Britton Pit 1 August 1864
Fearful Coalpit Explosion - Three Men Killed
Early on the morning of Monday last, a terrific explosion of fire damp occurred at the Briton Coal pit, Calder Ironworks, the property of William S Dixon, Esq. The pit has been sunk down to the Kiltongue coal, and is 77 fathoms in depth, the workings there only penetrated about 30 fathoms into the interior. At the time the explosion occurred there were ten men at work below ground, and the catastrophe is supposed to have taken place in consequence of the incaution of one of the men named Jas. Sneddon. It appears that Alex. Love, the fireman of the pit, had examined all the workings in the morning, with the exception of two headings, these were being let by contract to Sneddon, Craig and others, one of the conditions of the contract being that they should look after their own places. Sneddon, it is said, went forward into his heading with the "Davy" lamp in one hand and his unprotected light in the other. A fearful explosion immediately ensued, the force of which carried away a large portion of the bratticing, or air course, besides completely destroying a portion of the midwall in the shaft and causing the cage to remain fast in the shaft. On the alarming nature of the occurrence becoming known at the pithead, steps were instantly taken to ascertain the condition of the men below. By means of a pit kettle a descent was made into the pit and on reaching the bottom the bodies of Robert Duncan and Robinson Craig were found, life in both cases being quite extinct. Duncan was a married man residing in Greenend, and leaves a widow and six children to lament his loss. Craig was also a married man, belonging to Airdrie, but we could not learn whether he had any children. A little farther on the relieving party picked up Frank Hamilton, Greenend, and David Hamilton, Calder, but the poor fellows were found in a shocking state. Frank Hamilton, who is married, and has three children, died, we are sorry to say, in the afternoon; and David, who is unmarried, is not expected to live. There were still awanting six men who were in the pit at the time the explosion occurred; and the search being continued they were fortunately reached and at once taken up to the surface, although they were all in a very exhausted state, arising from the choke damp which followed the explosion, the air course being destroyed. Their names are James Hunter, Coatdyke; James Quin, bottomer, Boagside; Alex. Love, oversman, Airdrie; William Duncan (son of Robert Duncan, who was killed); James Sneddon, Airdrie; and Edward Sweeney, drawer, Airdrie. Sneddon and Love are very seriously injured, the former especially, who is scarcely expected to survive. Hunter is also seriously hurt. Great praise is due to John Robertson, pit manager; James Donaldson, Hugh Richardson, oversman, and William Duffy, brusher. These four, at the imminent risk of their lives, descended the shaft, and brought the ten men to bank; as also other five men who were working in the Virtue Well coal seam, 20 fathoms above the scene of the catastrophe. The sufferers were at once conveyed to their homes, with the least possible delay, and Drs Robert Wilson, Coatbridge, and Rankine, Airdrie, were promptly in attendance. During the day men were busy repairing the mid wall of the pit, which had been destroyed by the cage, when blown up by the explosion; and the repairs were so far effected that the air was descending the downcast shaft, and forcing, by the upcast shaft, dark clouds of the deadly vapours or choke-damp.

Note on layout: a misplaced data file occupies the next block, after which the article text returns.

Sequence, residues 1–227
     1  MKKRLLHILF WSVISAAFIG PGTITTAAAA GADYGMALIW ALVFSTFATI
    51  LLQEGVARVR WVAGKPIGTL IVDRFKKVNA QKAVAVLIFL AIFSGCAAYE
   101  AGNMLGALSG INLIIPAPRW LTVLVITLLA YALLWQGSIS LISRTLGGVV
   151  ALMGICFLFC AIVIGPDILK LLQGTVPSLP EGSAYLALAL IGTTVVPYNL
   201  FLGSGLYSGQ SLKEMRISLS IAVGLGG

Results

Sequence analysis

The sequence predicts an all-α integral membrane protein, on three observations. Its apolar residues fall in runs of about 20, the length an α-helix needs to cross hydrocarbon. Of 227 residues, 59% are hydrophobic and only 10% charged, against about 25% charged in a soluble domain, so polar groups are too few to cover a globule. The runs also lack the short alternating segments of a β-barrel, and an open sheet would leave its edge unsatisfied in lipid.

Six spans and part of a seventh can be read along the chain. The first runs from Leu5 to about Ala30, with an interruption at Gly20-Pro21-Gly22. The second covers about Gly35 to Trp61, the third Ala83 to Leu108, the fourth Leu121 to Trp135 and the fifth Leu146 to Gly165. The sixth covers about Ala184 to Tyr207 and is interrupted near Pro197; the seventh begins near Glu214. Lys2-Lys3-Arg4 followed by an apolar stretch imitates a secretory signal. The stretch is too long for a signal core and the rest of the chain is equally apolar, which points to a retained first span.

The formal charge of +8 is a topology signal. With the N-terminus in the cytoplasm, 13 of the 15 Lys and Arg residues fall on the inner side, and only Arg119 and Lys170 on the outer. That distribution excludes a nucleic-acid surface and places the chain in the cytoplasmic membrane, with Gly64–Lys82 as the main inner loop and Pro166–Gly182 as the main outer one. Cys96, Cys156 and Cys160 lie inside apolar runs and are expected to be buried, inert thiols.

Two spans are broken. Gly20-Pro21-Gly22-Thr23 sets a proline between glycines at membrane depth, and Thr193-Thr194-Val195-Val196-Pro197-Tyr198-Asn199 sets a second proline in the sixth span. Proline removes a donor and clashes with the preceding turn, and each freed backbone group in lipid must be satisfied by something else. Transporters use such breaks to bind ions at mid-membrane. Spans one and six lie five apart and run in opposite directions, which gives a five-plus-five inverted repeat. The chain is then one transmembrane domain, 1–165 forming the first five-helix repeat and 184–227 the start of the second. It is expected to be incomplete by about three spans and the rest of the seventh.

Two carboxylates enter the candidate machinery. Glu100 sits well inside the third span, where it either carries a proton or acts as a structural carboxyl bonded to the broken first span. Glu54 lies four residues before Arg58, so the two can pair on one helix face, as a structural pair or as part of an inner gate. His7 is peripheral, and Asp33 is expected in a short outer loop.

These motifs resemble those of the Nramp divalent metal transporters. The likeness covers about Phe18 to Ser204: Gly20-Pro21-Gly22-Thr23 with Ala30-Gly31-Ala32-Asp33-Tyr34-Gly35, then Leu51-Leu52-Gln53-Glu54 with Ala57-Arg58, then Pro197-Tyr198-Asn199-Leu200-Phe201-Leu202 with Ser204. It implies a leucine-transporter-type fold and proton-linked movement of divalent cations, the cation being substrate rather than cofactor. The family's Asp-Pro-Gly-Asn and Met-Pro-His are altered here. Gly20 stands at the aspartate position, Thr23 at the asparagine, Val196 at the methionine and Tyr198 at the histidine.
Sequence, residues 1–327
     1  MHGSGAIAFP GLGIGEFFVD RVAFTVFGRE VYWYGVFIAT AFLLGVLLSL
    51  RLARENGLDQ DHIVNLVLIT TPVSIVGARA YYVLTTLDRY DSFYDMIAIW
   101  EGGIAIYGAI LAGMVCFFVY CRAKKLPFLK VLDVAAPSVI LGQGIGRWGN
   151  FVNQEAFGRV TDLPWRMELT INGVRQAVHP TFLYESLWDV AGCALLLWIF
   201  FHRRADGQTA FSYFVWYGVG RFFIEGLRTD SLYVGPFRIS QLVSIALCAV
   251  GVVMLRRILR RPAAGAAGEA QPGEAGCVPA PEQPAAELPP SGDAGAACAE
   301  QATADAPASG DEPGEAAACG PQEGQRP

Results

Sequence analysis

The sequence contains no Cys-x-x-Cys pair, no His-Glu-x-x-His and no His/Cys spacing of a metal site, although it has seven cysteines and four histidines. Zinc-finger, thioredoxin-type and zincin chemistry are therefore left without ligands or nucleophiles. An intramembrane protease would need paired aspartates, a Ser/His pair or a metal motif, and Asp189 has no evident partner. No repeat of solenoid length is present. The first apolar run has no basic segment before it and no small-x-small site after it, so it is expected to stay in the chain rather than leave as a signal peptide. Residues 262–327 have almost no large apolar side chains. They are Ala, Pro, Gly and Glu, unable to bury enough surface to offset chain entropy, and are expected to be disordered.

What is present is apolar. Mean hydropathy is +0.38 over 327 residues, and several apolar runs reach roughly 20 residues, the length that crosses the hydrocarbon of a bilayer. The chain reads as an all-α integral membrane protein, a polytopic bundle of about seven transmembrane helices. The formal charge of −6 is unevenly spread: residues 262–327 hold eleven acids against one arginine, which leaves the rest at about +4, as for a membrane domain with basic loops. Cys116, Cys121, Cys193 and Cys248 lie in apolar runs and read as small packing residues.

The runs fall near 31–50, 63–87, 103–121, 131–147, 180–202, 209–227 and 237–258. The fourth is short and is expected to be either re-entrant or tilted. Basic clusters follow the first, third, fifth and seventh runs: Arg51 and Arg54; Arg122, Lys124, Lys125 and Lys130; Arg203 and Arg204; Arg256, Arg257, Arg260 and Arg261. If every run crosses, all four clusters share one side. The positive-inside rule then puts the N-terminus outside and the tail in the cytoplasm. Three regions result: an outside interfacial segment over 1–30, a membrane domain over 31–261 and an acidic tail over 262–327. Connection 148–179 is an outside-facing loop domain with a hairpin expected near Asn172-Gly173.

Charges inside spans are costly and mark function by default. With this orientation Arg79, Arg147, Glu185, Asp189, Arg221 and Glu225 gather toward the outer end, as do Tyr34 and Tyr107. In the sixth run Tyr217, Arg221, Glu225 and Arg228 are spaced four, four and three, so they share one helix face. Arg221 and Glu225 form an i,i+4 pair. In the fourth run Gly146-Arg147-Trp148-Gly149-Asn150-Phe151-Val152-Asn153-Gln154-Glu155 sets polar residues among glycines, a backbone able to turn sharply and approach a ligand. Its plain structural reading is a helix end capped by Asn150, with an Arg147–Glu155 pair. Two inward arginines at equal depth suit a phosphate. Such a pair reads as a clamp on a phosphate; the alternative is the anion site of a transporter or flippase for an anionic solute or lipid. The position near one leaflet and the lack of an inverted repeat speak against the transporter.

The sufferers are reported as progressing favourably. The government inspector of mines, William Alexander Esq., visited the pit on Tuesday, and along with Mr Robertson, the manager, inspected the workings as far as possible. The two headings where the explosion took place could not be got into, as they were still in a dangerous state, and will be so until the air course is repaired for ventilation. Mr M'Donald, fiscal, and Captain Clark, Airdrie, were also at the pit on Tuesday making the necessary examination for future investigation. [Hamilton Advertiser August 6 1864]
Coatbridge - The Briton Pit, Calder Ironworks - The damage done by the explosion in this pit has been all put in order, and it is again in a working state. The Inspector of Mines made a second examination on Monday, when access was got to every part of it. The whole of the men who were injured, with the exception of Quin, the bottomer, are getting on very favourably. Regarding the latter - who it seems was severely hurt with a piece of iron - little hopes are entertained that he will ever again be fit for duty. [Hamilton Advertiser 13 August 1864]